Dr Kandeh K. Yumkella – since 2013 – is Special Representative of the UN Secretary-General and Chief Executive for the Sustainable Energy for All Initiative (SE4All). In this position, he tried to mobilize action toward a sustainable energy future and accelerate the implementation of the Secretary-General’s initiative as well as engaging with the leadership of relevant stakeholders in government, businesses, academia and civil society at the highest level – to advocate for and promote sustainable energy for all.
He is a former Chairman of UN-Energy and a two-term former Director-General of the United Nations Industrial Development Organization (UNIDO).
In June 2009, Yumkella was appointed by UN Secretary-General Ban Ki-moon to chair a new Advisory Group on Energy and Climate Change. The members of the Group, comprising international experts, industry leaders and United Nations system representatives, advise on energy issues critical to the new global climate change deal and beyond.
Yumkella is the Chairman of UN-Energy, a United Nations system coordination body dealing with energy-related issues.
He is also a member of the China Council of International Cooperation on Environment and Development (CCICED)
Yumkella was a Member of the Rio+20 Principals Group, which played a crucial role in the preparations for the 2012 UN Conference on Sustainable Development. Since 2008, he has also been an active member of the UN Development Group, which helps to set and coordinate the global development priorities of the United Nations. Under his leadership as Director-General, UNIDO has maintained a role as the largest provider of trade-related technical assistance to developing countries in the UN system.
From 2005 to 2013 he was the Director-General of UNIDO – a high level Vienna-based position he relinquished in order to help create the new Vienna-based SE4All. He was highly regarded by the Austrian hosts and all Vienna based energy institutions.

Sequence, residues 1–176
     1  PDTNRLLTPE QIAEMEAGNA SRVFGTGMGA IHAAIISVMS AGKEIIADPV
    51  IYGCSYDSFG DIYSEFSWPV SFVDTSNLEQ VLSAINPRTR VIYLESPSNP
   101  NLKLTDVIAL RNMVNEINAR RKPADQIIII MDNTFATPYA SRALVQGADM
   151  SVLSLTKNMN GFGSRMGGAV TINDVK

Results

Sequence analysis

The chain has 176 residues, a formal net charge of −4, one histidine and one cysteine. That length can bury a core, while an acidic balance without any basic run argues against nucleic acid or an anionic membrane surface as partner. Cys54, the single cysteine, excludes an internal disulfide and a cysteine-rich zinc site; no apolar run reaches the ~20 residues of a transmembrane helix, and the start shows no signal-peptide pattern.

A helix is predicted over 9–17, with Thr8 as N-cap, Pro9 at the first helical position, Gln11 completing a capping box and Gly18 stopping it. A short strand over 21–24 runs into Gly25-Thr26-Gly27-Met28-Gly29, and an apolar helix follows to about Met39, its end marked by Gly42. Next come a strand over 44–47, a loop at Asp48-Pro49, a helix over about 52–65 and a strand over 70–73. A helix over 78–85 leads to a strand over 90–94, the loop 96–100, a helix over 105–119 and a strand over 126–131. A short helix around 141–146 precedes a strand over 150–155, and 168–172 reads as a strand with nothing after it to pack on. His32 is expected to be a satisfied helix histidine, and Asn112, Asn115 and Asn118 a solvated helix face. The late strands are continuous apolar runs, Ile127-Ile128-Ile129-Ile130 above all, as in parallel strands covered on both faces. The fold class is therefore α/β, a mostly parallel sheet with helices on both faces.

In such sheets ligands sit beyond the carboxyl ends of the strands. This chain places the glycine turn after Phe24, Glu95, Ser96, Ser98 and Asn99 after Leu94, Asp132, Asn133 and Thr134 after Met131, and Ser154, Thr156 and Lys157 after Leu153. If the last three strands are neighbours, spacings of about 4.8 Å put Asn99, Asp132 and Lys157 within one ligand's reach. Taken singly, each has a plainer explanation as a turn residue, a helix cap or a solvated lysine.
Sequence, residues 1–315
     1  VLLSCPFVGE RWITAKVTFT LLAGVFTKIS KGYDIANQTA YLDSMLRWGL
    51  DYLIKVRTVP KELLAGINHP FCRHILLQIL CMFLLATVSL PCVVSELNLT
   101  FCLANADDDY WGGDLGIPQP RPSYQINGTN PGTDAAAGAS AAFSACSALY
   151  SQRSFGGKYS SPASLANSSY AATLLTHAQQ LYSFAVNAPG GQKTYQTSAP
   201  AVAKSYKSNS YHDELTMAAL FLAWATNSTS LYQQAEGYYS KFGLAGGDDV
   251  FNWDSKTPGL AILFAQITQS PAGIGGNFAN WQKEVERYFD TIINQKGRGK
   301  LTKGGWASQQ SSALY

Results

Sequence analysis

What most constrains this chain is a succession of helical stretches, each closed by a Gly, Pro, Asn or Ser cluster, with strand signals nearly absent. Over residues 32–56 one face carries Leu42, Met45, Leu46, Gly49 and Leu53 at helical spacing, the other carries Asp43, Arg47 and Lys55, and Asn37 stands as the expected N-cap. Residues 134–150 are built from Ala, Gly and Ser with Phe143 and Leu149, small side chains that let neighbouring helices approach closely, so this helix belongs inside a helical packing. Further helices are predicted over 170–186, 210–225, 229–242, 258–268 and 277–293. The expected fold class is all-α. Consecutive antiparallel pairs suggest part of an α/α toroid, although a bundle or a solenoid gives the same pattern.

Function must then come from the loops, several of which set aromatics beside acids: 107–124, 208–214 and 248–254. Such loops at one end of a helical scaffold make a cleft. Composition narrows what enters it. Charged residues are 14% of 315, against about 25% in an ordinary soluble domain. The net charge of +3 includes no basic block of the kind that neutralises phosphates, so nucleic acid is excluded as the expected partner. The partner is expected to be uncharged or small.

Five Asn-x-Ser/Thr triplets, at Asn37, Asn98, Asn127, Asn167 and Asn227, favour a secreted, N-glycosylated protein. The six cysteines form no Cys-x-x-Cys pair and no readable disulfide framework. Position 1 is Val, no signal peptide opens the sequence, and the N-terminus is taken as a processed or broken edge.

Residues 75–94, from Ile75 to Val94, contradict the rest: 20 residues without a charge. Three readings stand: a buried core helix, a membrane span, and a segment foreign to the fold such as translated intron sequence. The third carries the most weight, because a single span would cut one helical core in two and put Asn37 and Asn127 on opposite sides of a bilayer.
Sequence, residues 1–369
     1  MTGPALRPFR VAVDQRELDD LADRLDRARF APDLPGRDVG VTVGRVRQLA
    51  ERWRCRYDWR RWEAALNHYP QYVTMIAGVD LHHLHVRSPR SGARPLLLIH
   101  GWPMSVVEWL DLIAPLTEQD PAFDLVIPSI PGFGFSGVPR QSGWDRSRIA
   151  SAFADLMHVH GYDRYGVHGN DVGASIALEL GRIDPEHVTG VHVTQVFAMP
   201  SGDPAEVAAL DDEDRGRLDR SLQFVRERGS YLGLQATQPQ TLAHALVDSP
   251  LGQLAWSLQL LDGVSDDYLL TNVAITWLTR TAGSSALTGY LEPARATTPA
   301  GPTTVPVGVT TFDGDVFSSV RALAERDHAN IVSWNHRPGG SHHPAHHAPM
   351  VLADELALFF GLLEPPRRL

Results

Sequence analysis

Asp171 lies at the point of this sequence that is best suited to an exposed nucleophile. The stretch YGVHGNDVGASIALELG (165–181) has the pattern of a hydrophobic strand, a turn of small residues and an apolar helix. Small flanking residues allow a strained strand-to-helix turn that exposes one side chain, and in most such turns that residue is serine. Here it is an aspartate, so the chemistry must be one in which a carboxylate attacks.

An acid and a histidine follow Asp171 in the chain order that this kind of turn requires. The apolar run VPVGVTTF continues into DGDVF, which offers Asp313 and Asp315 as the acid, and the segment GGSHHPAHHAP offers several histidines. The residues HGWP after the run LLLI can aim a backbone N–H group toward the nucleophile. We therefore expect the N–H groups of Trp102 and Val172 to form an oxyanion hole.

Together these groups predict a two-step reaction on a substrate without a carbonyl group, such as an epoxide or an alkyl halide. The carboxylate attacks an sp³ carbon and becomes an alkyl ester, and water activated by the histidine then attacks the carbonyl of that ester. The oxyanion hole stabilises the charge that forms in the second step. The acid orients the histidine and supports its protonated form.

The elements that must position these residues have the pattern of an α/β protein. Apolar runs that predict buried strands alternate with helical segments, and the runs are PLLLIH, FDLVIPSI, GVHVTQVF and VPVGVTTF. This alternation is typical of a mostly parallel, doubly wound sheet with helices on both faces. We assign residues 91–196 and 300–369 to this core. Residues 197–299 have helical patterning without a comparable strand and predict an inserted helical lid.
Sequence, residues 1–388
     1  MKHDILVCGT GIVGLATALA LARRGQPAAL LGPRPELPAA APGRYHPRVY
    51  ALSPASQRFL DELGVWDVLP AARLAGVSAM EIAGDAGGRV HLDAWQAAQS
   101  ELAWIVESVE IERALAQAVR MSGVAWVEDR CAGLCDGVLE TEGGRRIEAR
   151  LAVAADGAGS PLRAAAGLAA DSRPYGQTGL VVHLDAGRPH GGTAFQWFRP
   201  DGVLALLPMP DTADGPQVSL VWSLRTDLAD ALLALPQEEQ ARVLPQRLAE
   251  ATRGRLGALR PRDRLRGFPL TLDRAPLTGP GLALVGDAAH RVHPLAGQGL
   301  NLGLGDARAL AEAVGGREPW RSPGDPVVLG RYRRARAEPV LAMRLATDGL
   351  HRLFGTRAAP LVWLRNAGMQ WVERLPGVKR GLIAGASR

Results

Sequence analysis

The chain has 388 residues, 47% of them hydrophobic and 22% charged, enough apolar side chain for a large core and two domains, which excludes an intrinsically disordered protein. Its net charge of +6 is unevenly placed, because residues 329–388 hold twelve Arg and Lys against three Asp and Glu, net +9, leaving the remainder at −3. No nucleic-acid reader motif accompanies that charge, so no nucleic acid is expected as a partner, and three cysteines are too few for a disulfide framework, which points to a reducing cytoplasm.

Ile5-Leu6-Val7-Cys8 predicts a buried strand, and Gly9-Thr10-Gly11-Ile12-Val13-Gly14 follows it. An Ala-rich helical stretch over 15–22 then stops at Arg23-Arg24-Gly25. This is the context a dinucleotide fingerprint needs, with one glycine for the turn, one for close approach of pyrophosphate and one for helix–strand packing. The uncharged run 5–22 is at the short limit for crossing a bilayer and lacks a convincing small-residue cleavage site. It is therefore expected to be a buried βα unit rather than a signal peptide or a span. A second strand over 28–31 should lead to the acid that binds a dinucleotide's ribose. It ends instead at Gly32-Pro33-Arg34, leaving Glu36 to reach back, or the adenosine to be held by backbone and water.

Prior to assuming the mantle of leadership at UNIDO, he worked in different high-level policy positions, including as Special Adviser to two previous Director-Generals of UNIDO and as Representative and Director of the UNIDO Regional Office in Nigeria.
From 1994 to 1995 he was Minister for Trade, Industry and State Enterprises of Sierra Leone.
March 12, 2015, SE4All CEO Yumkella told in a letter to the SE4All Advisory Board of his intended departure.
Sierra Leone elects on national level – by vote of the people – a president and a legislature. The president is elected for a five-year term. The last elections were held in 2012 – so next elections are scheduled for 2017.
Sierra Leone has a multi-party system, with two or three strong parties.
The House of Representatives has 124 members, 112 members elected through plurality vote in single-member constituencies to serve 5-year terms and 12 members are elected by indirect vote to serve 5-year terms.
Back in March 2015, I heard from Dr. Yumkella himself that he intends to return to Sierra Leone and run in the 2017 Presidential Elections. He clearly has an advantage there because of his involvement n global Affairs at a level and on topics that can help his home State.